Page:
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Sie sind hier: FRIAS Fellows Fellows Prof. Dr. Shelly Levy-Tzedek

Prof. Dr. Shelly Levy-Tzedek

Ben Gurion University
Human-Robot Interaction & Motor Control
External Senior Fellow
Marie S. Curie FCFP Fellow
September - Oktober 2018, Juli - August 2019

CV

Dr. Shelly Levy-Tzedek is the head of the Cognition, Aging & Rehabilitation Laboratory at the Ben Gurion University. She is a faculty member at the Physical Therapy Department, a member of the Zlotowski Center for Neuroscience and of the ABC Robotics initiative at the university.

Dr. Levy-Tzedek completed her undergraduate studies, summa cum laude, at UC Berkeley, where she won the Bioengineering departmental citation medal. At the Massachusetts Institute of Technology (MIT), she completed her M.S. and her Ph.D. degrees as an MIT Presidential Fellow and a Howard Hughes Medical Institute fellow, in the Biomedical Engineering department.

She was recently chosen as one of Israel's most promising 40-under-40 by The Marker Magazine for 2016, and won the 2016 award from the Paedagogica Foundation's special program entitled "Initiative for Excellence in the Negev".

Her work is supported by several grants from various sources, including the ISF (Israeli Science Foundation), the Swedish Promobilia rehabilitation foundation, and the Leir, Bronfman and Borten foundations in the US.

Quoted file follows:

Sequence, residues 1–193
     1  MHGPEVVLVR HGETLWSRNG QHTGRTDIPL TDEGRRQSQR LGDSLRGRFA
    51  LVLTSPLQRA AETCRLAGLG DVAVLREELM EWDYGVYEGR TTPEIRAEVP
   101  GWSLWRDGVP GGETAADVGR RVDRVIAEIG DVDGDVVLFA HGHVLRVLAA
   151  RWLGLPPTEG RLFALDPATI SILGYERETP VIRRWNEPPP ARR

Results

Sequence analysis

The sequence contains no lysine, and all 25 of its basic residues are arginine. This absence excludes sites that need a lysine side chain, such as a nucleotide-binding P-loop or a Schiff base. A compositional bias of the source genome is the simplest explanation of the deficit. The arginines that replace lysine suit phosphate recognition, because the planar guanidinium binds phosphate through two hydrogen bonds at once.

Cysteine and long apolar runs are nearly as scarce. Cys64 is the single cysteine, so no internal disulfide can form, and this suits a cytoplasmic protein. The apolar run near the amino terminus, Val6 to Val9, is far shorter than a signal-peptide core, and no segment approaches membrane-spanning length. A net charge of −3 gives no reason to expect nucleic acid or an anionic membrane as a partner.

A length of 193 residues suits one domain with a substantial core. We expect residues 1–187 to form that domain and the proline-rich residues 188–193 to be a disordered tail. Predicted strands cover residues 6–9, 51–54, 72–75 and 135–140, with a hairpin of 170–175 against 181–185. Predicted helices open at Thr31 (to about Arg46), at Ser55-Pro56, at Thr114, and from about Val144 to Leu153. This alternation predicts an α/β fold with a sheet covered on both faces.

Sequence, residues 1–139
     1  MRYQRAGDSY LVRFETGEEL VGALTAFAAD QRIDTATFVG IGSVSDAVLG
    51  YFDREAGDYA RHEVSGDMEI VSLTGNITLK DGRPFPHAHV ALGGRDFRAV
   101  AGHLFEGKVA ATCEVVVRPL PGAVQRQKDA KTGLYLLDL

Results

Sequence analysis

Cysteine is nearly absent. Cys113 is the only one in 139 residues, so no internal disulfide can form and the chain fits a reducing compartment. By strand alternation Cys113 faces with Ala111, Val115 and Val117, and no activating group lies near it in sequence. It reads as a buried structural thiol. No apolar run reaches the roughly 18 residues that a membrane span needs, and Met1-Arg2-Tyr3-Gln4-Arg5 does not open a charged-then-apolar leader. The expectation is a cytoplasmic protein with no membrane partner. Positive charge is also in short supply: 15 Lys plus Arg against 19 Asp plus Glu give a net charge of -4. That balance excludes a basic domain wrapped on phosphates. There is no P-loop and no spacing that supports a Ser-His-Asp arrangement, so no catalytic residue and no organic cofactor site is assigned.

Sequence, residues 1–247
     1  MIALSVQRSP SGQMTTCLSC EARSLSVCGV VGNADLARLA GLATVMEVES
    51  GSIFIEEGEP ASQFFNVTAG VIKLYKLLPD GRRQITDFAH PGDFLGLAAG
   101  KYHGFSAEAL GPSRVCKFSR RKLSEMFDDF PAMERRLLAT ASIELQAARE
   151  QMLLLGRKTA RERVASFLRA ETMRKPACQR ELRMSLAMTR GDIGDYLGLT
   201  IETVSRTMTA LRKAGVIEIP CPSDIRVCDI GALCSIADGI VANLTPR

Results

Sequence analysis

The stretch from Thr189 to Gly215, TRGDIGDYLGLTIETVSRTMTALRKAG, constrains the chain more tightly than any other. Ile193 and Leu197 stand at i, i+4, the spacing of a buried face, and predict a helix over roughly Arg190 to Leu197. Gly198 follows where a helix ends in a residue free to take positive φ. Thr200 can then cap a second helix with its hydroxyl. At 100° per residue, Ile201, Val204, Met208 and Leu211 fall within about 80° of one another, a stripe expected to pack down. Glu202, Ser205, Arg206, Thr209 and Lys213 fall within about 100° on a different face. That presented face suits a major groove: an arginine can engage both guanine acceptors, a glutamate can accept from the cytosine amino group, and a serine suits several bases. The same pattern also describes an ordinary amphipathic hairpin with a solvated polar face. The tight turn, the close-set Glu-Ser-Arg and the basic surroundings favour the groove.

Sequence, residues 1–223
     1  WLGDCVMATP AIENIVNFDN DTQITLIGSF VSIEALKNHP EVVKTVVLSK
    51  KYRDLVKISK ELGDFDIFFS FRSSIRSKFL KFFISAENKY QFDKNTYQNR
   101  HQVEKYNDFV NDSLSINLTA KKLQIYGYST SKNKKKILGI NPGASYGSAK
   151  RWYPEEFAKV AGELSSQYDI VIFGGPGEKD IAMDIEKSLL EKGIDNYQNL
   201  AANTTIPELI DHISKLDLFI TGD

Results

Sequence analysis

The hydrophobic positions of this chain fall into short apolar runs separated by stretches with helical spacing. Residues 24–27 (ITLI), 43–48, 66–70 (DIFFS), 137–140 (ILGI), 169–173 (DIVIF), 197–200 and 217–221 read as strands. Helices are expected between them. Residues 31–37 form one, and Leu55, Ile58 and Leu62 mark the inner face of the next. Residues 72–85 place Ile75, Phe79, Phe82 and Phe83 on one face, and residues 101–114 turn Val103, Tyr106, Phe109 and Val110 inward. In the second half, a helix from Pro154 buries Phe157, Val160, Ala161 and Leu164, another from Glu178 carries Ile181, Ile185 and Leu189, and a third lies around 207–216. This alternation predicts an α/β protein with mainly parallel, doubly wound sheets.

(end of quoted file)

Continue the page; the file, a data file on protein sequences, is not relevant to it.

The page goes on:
Her lab studies the effects of age and disease (in particular, Parkinson's disease & stroke) on the control of body movement, and how to best employ robotics to facilitate a fast and efficient rehabilitation process. She takes a multi-disciplinary approach to her studies: the students on her team come from varied backgrounds, including physical therapy, engineering, psychology, and medicine, and she collaborates with faculty members from Israel, Canada, England, the United States and Germany who come from diverse fields such as Industrial Engineering, Psychology, Computer Science, Robotics, Education and Philosophy.

Publikationen (Auswahl)

  • Levy-Tzedek S., Arbelle D., Forman D., Zlotnik Y. (2018, in press) Improvement in upper-limb UPDRS motor scores following fast-paced arm exercise:  A pilot study. Restorative Neurology and Neuroscience in press
  • Eizicovits D., Edan Y., Tabak I., & Levy-Tzedek S. (2018) Robotic gaming prototype for upper limb exercise: effects of age and embodiment on user preferences and movement.  Restorative Neurology and Neuroscience 36(2); 261–274
  • Kashi S. & Levy-Tzedek S. (2018) Smooth leader or sharp follower? Playing the mirror game with a robot. Restorative Neurology and Neuroscience 36(2); 147-159
  • Levy-Tzedek S. (2017) Changes in Predictive Task Switching with Age and with Cognitive Load. Frontiers in Aging Neuroscience 9:375
  • Levy-Tzedek S. (2017) Motor errors lead to enhanced performance in older adults.  Scientific Reports 7(3270)

FRIAS-Projekt

Robotics in Rehabilitation – Exploring Clinical and Ethical Implications

Human-robot interactions (HRI) recently emerged in the field of physical rehabilitation. Common considerations are whether they improve the ability of patients to perform movements and monetary considerations of their incorporation into the healthcare system. As a researcher in the field of robotics, I believe an ethical reflection on HRI in rehabilitation is of high importance. Therefore, I aim at establishing an interdisciplinary cooperation with philosophers and clinical ethicists in Freiburg and the region, to discuss the ethical implications of my research in rehabilitation robotics, in order to inform decisions in the healthcare system. As part of the collaboration, we will hold a 1-day workshop to bring together researchers who are interested in cross-disciplinary research on ethical considerations of using autonomous systems.